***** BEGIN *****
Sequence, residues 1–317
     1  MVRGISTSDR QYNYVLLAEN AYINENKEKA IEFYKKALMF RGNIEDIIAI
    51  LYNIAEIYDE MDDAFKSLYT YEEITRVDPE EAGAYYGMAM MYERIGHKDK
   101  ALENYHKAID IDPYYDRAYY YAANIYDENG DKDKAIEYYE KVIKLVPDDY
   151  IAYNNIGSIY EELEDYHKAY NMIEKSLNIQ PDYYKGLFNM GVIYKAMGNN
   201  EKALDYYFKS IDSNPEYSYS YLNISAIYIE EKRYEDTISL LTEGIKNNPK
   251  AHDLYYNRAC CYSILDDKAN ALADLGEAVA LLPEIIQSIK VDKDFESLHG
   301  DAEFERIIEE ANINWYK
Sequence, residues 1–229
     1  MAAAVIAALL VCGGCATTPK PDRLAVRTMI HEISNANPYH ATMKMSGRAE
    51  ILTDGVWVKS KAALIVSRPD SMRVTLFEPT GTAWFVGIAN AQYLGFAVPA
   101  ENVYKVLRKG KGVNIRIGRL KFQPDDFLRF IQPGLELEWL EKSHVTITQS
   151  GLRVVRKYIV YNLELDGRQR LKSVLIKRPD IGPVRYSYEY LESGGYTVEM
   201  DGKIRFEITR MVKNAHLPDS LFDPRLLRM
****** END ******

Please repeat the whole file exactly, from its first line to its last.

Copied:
Sequence, residues 1–317
     1  MVRGISTSDR QYNYVLLAEN AYINENKEKA IEFYKKALMF RGNIEDIIAI
    51  LYNIAEIYDE MDDAFKSLYT YEEITRVDPE EAGAYYGMAM MYERIGHKDK
   101  ALENYHKAID IDPYYDRAYY YAANIYDENG DKDKAIEYYE KVIKLVPDDY
   151  IAYNNIGSIY EELEDYHKAY NMIEKSLNIQ PDYYKGLFNM GVIYKAMGNN
   201  EKALDYYFKS IDSNPEYSYS YLNISAIYIE EKRYEDTISL LTEGIKNNPK
   251  AHDLYYNRAC CYSILDDKAN ALADLGEAVA LLPEIIQSIK VDKDFESLHG
   301  DAEFERIIEE ANINWYK
Sequence, residues 1–229
     1  MAAAVIAALL VCGGCATTPK PDRLAVRTMI HEISNANPYH ATMKMSGRAE
    51  ILTDGVWVKS KAALIVSRPD SMRVTLFEPT GTAWFVGIAN AQYLGFAVPA
   101  ENVYKVLRKG KGVNIRIGRL KFQPDDFLRF IQPGLELEWL EKSHVTITQS
   151  GLRVVRKYIV YNLELDGRQR LKSVLIKRPD IGPVRYSYEY LESGGYTVEM
   201  DGKIRFEITR MVKNAHLPDS LFDPRLLRM